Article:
Via Damian Thompson:
“The love between husband and wife or parent and child is natural, bred into us over millions of years,” writes Morris. But friends were late on the scene. Homo sapiens, humans like us, arrived 150,000 years ago. For the first 100,000 years, however, they stubbornly refused to talk to each other. Ted Heath would have been proud of them.
Networks of friends weren’t possible until about 9000 BC, when humans in the Middle East – actually the birthplace of the West, says Morris – started farming and the first villages appeared.
So members of hunter-gatherer groups were not friends with one another? Or is he claiming, rather, that friendships between those not related by blood (or significantly related by blood) did not come into existence until large population settlements came into being? Isn't that rather obvious, if you are familiar with the patterns of human civilization?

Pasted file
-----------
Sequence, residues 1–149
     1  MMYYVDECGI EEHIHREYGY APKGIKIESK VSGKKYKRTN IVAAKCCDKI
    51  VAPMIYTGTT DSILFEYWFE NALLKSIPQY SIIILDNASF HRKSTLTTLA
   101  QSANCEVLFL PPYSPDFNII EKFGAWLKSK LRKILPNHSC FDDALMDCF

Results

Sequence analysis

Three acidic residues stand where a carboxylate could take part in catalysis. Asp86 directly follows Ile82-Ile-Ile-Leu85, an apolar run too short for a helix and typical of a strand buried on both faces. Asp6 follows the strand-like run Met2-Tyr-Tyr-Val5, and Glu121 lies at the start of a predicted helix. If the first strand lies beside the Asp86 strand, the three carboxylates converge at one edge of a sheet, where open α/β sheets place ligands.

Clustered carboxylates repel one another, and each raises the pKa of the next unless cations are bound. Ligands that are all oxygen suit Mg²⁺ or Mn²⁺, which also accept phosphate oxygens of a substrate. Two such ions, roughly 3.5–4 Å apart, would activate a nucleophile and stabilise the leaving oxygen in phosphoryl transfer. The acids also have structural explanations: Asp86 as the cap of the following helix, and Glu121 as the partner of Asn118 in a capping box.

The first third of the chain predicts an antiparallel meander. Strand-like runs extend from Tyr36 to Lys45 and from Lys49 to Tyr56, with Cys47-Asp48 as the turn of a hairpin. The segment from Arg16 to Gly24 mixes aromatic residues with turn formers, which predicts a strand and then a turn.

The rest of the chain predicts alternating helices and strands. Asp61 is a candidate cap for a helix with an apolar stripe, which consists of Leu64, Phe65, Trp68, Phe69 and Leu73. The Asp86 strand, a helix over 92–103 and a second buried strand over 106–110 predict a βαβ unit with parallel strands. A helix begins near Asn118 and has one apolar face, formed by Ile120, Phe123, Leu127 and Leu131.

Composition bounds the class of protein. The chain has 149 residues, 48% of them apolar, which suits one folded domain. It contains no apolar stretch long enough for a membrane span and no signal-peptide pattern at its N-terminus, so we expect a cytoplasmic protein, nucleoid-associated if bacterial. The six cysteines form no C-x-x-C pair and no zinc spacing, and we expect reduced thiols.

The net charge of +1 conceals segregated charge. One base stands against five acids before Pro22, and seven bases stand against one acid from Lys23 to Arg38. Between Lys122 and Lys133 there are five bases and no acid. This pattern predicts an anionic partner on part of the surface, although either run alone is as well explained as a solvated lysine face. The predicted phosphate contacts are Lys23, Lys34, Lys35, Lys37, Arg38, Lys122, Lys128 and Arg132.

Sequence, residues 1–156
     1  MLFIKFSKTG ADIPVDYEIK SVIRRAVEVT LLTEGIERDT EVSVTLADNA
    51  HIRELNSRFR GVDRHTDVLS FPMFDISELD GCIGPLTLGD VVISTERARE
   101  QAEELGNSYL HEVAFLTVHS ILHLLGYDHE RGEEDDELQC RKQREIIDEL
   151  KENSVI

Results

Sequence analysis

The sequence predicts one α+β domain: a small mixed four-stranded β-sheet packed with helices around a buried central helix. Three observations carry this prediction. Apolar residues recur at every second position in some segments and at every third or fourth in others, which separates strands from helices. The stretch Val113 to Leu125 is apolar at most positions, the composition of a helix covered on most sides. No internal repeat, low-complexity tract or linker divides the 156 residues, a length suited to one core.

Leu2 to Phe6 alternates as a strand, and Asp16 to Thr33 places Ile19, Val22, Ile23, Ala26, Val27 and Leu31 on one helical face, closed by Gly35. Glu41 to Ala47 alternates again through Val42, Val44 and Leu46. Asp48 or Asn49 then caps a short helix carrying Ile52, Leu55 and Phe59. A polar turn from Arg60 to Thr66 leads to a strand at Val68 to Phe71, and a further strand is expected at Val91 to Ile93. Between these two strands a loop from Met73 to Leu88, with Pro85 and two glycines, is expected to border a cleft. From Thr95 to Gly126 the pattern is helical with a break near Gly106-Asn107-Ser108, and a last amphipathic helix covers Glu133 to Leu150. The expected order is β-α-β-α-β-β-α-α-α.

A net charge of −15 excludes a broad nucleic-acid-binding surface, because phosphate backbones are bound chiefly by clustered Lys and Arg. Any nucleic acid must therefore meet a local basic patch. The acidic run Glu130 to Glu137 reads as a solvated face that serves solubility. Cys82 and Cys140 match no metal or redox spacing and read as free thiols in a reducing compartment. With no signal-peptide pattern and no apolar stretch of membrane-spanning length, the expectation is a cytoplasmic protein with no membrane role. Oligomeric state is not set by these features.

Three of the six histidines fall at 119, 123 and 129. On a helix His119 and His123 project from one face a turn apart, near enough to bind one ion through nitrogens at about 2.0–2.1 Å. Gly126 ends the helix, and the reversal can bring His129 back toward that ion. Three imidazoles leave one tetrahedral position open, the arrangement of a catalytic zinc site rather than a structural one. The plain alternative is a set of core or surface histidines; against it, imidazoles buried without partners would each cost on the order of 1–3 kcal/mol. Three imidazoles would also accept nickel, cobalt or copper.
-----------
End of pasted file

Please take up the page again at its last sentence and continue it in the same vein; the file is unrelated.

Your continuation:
Or is the problem with Mr. Thompson's representation of the claim?
Ian Morris: Why the West Rules -- For Now from The Long Now Foundation on FORA.tv
Long Now Foundation
Ian Morris, Department of Classics
Ian Morris's new book, "Why the West Rules--For Now" (+video)
The Shape of History: Ian Morris, historian on a grand scale
Human Experience @ Stanford
By Marc Parry